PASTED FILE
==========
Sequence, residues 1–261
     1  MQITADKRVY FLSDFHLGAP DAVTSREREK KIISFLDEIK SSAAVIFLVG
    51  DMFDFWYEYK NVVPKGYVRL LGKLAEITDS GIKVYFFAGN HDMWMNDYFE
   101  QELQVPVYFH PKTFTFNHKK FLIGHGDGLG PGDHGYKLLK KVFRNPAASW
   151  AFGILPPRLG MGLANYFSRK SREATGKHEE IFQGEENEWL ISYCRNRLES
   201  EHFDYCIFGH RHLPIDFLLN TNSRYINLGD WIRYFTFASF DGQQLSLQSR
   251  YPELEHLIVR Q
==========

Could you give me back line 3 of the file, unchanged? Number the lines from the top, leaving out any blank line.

    51  DMFDFWYEYK NVVPKGYVRL LGKLAEITDS GIKVYFFAGN HDMWMNDYFE